Juan Cole: Bradley Manning in a World of Cheneys, Hadithas, and NSA Domestic SurveillanceRoundup: Historians' Take
tags: Juan Cole, Dick Cheney, Bradley Manning, NSA
Juan Cole is the Richard P. Mitchell Professor of History and the director of the Center for South Asian Studies at the University of Michigan. His latest book, "Engaging the Muslim World," is just out in a revised paperback edition from Palgrave Macmillan.
The sentencing of Bradley Manning to 35 years in prison came because he leaked government documents, mostly with a low level of classification that probably shouldn’t have been classified in the first place. Some of the leaked documents showed the US government or other governments behaving badly, in ways the American people had a right to know about. . Do we really want our government opposing a rise in the minimum wage in Haiti, or supporting Big Oil against green energy, or supporting unlabelled genetically modified crops or expensive US pharmaceuticals in markets where people are poor? Shouldn’t we know what our government’s policies are?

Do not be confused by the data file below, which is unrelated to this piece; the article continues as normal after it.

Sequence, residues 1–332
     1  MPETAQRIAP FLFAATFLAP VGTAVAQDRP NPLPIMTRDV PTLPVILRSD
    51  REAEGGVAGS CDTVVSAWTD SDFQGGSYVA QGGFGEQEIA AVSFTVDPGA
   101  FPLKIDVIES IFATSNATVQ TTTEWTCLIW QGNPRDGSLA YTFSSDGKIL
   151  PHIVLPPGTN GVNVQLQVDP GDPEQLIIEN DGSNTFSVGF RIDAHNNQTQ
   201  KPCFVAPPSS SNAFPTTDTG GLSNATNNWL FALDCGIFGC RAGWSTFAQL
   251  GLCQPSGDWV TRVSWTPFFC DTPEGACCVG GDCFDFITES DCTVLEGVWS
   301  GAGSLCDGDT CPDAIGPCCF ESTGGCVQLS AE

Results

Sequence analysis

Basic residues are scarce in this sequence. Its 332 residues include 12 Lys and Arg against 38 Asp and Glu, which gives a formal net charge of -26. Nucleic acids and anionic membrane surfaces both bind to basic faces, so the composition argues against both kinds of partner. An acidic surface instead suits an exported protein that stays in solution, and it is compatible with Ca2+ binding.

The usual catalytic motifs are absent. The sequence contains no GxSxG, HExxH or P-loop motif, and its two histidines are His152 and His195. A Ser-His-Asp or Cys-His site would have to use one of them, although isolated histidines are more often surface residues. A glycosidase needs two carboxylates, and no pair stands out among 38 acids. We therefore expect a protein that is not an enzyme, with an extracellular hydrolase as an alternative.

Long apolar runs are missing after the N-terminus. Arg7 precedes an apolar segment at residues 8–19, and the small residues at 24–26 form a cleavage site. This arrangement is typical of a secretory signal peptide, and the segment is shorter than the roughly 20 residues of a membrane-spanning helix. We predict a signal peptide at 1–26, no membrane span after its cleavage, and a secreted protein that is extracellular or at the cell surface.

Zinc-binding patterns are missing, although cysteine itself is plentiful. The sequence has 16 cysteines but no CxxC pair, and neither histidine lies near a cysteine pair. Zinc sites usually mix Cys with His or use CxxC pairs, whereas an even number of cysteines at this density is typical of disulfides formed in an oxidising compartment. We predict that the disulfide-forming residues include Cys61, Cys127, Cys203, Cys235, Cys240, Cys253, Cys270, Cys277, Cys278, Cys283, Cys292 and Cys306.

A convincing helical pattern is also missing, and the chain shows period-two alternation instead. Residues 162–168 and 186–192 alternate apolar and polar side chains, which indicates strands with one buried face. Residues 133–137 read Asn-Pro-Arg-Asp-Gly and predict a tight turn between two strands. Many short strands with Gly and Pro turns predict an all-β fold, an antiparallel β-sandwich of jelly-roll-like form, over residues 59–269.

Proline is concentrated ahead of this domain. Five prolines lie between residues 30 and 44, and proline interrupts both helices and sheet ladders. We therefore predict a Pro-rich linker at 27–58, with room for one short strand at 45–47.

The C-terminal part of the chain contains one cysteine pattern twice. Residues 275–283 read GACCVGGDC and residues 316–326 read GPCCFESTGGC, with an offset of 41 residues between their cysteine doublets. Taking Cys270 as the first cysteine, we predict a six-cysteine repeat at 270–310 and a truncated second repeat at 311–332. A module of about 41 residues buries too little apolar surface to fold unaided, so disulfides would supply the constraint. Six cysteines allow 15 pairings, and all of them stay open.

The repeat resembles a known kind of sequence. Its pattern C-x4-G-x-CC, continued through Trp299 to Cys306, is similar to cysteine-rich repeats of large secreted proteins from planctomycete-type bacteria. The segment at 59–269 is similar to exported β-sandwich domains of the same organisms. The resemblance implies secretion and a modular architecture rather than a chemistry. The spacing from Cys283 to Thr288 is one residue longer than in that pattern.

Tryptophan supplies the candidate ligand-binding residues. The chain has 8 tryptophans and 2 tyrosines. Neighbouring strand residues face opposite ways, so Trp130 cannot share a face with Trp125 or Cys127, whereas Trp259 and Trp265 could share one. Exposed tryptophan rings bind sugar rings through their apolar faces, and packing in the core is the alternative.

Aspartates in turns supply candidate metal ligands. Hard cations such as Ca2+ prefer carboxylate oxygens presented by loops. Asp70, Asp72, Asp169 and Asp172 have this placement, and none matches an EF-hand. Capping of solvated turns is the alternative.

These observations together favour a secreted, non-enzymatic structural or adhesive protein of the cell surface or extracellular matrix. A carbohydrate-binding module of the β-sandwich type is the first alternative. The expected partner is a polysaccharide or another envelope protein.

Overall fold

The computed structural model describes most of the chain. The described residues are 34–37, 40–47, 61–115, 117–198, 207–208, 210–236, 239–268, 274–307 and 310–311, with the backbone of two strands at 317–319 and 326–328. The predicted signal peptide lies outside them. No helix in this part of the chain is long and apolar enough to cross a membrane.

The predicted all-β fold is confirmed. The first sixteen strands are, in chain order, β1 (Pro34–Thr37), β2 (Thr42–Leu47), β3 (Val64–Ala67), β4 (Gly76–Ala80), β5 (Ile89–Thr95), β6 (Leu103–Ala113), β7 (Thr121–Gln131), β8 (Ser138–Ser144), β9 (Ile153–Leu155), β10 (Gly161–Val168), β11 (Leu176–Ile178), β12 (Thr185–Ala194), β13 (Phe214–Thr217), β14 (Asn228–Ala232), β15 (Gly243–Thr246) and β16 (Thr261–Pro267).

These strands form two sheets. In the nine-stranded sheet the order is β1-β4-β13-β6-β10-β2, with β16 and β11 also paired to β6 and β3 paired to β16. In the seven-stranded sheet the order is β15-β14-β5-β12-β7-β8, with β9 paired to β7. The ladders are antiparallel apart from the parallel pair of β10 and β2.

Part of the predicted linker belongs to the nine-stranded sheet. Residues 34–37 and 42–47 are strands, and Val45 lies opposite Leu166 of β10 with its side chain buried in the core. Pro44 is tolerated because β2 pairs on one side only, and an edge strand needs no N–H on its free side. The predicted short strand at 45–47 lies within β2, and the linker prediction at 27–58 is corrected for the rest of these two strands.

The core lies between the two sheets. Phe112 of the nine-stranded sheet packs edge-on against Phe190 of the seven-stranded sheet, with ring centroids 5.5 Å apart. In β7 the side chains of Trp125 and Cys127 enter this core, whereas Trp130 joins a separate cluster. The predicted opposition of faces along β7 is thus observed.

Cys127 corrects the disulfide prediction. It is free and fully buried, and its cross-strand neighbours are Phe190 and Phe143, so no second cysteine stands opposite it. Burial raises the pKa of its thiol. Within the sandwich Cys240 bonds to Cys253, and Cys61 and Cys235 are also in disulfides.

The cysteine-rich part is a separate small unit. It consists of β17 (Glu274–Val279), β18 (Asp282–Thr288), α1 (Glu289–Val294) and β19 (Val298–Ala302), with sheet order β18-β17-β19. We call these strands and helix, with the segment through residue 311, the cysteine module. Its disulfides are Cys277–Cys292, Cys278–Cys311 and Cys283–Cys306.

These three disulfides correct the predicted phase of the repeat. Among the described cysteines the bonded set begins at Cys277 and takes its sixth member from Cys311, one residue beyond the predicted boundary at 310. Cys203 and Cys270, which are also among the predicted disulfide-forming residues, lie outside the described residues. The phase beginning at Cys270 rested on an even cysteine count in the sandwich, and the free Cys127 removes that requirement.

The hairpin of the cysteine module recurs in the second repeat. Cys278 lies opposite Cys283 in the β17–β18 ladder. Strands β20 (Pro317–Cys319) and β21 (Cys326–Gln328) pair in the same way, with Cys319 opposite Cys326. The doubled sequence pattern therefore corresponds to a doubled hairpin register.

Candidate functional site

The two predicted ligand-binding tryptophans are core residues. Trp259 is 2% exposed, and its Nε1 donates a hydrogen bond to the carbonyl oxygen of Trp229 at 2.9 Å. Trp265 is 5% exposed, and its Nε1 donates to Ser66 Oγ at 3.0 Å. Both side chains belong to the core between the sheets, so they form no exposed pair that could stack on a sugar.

The sentence given Manning was much harsher than that he would have received in democratic countries. And the government took us another step down the road to authoritarian government by convicting him on espionage charges, confusing leaking with spying for the enemy. If the government could have, it would have convicted him of aiding al-Qaeda (yes), but the judge laughed that one out of court....
comments powered by Disqus
- Josh Hawley Earns F in Early American History
- Does Germany's Holocaust Education Give Cover to Nativism?
- "Car Brain" Has Long Normalized Carnage on the Roads
- Hawley's Use of Fake Patrick Henry Quote a Revealing Error
- Health Researchers Show Segregation 100 Years Ago Harmed Black Health, and Effects Continue Today
- Nelson Lichtenstein on a Half Century of Labor History
- Can America Handle a 250th Anniversary?
- New Research Shows British Industrialization Drew Ironworking Methods from Colonized and Enslaved Jamaicans
- The American Revolution Remains a Hotly Contested Symbolic Field
- Untangling Fact and Fiction in the Story of a Nazi-Era Brothel